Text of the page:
On Monday, May 27, 2019 Monroe County Executive Cheryl Dinolfo & Seneca Park Zoo officials announced that snow leopard Timila gave birth to cubs.
“As a first-time mom, Timila was a bit unsure and delivered one cub in her outdoor habitat and one cub in her maternity den. Timila appears to be caring for the cub that is with her indoors. The other cub, a male who was born in the outdoor habitat, was retrieved by Animal Care staff and brought to the Zoo’s on-site animal hospital. While he appears strong and healthy, this cub will face a difficult road ahead. Over the next few days, Animal Care staff will attempt to return this cub to Timila. In the meantime, Timila will remain in her off-exhibit maternity den with the other cub. Animal Care staff will be monitoring Timila and her cubs closely and we will continue to keep the public updated on their progress.”
Check out the local news coverage below.
June 1, 2019 – Dinolfo announces both cubs are male.
“More exciting news out of our Seneca Park Zoo on this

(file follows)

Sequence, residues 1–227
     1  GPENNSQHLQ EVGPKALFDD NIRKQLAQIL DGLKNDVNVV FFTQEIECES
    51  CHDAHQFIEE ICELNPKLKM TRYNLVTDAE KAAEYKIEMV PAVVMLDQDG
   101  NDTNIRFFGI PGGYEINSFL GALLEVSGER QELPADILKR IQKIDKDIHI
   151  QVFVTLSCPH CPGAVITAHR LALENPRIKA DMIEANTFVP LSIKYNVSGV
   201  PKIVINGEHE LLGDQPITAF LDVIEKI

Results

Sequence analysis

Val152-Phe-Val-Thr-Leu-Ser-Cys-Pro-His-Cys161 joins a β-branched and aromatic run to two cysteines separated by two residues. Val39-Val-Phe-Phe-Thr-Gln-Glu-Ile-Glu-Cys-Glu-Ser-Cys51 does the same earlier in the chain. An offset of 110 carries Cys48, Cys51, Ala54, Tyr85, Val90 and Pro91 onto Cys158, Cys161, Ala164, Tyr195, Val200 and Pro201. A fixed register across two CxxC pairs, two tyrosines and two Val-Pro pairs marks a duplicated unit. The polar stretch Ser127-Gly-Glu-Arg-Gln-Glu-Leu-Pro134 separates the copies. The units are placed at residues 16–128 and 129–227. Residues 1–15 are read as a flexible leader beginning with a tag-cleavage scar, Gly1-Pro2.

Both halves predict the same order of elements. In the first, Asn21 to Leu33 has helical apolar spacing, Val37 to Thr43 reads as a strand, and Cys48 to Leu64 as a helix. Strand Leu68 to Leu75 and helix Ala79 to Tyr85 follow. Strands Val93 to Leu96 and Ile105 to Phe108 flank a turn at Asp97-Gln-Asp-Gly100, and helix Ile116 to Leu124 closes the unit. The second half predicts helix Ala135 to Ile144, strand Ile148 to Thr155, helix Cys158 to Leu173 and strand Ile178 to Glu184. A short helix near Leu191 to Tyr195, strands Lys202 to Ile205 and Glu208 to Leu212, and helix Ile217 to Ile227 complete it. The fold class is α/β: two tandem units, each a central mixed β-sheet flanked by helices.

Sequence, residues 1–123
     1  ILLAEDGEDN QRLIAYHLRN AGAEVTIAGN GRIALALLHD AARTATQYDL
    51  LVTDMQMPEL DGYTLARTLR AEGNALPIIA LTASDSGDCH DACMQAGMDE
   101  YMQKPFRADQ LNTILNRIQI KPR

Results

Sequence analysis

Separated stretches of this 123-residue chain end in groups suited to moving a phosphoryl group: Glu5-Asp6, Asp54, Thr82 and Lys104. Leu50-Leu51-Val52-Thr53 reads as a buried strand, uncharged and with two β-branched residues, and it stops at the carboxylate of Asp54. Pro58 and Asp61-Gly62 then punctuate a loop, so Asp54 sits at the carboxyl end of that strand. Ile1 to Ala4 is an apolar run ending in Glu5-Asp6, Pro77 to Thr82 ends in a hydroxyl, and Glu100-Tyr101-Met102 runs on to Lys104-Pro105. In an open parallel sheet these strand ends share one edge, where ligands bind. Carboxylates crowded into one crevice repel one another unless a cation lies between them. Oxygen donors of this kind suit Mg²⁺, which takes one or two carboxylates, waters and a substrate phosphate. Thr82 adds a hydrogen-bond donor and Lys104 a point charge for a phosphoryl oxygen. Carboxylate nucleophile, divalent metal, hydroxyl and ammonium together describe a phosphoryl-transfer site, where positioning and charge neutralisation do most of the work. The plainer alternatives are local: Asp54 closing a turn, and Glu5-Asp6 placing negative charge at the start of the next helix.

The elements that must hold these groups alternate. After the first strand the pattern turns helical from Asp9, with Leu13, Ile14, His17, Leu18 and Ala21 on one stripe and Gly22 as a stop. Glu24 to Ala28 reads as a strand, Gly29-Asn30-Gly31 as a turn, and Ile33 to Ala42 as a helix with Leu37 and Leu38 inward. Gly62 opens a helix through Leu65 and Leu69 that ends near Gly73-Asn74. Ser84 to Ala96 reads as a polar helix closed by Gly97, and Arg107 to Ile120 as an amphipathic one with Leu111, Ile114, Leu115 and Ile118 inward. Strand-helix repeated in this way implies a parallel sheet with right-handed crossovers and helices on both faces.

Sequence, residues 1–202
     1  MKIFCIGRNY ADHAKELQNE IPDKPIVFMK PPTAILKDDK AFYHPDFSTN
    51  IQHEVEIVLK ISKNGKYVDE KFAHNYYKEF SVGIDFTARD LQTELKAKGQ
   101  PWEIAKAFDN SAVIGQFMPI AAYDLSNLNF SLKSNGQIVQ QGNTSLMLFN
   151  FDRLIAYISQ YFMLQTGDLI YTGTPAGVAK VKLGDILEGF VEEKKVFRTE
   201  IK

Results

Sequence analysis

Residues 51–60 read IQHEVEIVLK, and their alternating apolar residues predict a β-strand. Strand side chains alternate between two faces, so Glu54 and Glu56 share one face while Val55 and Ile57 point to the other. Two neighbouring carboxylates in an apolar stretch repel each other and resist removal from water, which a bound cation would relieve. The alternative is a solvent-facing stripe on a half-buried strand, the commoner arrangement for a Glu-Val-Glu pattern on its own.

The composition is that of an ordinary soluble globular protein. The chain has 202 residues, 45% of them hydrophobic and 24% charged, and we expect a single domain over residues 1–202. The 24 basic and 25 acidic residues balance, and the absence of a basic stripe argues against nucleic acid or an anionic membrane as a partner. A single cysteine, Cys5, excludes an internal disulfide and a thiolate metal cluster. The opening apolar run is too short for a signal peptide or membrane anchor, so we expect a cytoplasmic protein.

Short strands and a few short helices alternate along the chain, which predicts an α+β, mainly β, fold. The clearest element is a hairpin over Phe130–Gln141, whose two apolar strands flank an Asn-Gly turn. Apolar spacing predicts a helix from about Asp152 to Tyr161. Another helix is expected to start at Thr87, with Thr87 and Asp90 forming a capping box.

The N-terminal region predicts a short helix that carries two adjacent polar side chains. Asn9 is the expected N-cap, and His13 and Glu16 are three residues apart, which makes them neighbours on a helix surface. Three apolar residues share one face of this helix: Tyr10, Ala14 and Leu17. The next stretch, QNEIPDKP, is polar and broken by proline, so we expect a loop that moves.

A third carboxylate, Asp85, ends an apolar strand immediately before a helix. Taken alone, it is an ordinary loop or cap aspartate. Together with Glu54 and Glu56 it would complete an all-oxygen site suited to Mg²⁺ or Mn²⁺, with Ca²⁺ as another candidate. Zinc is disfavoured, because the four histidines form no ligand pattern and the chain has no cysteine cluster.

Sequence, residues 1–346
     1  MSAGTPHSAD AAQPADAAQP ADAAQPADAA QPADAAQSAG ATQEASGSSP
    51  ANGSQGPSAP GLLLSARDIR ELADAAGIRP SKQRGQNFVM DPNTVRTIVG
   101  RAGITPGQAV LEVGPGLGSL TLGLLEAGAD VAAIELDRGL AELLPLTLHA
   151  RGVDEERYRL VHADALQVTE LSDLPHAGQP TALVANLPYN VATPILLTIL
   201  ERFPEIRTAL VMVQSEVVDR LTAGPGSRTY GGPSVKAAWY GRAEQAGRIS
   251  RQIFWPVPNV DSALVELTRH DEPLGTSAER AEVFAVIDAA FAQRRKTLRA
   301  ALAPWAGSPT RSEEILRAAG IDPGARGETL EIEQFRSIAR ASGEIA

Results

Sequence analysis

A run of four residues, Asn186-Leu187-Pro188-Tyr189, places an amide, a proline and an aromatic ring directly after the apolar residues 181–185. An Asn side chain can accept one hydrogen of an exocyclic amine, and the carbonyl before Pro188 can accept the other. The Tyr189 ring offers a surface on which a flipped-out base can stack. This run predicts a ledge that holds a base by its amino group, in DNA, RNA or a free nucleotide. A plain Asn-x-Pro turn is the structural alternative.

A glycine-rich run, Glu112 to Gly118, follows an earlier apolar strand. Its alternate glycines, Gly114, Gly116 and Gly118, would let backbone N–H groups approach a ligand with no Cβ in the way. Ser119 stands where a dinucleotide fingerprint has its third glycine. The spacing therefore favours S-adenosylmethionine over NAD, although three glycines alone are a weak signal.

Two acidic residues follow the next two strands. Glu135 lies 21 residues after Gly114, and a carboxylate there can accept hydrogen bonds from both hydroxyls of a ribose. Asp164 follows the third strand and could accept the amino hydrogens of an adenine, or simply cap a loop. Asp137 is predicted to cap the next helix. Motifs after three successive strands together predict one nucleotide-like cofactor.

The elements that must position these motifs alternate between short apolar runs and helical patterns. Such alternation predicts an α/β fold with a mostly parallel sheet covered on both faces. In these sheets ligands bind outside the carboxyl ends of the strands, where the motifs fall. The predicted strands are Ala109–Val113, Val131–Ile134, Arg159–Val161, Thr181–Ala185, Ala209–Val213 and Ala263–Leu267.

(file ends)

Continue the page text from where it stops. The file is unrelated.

#Caturday! Both newly born snow leopard cubs are male! Our new mom, Timila, is taking care of them very well and both are in excellent health. Stay tuned for more updates about our adorable new additions at the Zoo!”
June 5, 2019 – Zoo announces one male cub has died.
“We have sad news to report regarding the two male snow leopard cubs born to first-time mother Timila at Seneca Park Zoo on Monday, May 27th. The one cub, which required assistance from Animal Care staff immediately after birth but was returned to his mother on the following day, has died.” Click here to read the full statement.
July 9, 2019 – Our snow leopard cub is growing!
Born on May 27th, he is now six weeks old. He surpassed 5 lbs., his teeth have come in, and he received his first set of vaccines! Timila is a great mom and is allowing Animal Health staff to provide necessary supportive care to help make sure the cub continues doing well. Both mom and cub continue to den in the off-exhibit area of the Zoo’s snow leopard habitat. If all continues to go well, we expect them to emerge into the outdoor habitat and be viewable to the public in late-August or early-September!